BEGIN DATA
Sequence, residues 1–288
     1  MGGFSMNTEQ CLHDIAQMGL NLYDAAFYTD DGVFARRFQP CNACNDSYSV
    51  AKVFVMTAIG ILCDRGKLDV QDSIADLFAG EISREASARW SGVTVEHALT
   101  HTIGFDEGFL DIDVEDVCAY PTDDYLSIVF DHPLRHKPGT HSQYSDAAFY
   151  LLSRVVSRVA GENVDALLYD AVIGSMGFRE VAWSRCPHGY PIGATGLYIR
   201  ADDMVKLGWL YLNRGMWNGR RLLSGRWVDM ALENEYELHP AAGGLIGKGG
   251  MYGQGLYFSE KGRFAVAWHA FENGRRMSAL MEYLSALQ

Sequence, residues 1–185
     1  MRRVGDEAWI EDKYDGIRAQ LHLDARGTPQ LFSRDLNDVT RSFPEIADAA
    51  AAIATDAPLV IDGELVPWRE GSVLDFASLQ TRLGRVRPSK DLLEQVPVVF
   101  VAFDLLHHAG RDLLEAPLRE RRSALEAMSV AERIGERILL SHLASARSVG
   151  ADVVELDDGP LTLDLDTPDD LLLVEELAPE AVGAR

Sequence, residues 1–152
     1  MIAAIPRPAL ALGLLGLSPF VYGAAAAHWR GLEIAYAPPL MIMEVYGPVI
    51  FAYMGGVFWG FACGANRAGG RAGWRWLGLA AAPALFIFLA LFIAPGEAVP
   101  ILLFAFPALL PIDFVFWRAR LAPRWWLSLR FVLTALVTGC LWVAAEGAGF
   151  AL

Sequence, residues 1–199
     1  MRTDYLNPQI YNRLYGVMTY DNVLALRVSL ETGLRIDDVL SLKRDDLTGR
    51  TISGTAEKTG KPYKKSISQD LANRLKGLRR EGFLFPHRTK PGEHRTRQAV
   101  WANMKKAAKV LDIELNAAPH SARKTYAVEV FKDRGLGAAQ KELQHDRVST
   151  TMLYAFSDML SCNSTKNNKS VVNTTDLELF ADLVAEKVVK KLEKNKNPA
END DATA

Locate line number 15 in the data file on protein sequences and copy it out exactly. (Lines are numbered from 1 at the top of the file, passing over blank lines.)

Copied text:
    51  FAYMGGVFWG FACGANRAGG RAGWRWLGLA AAPALFIFLA LFIAPGEAVP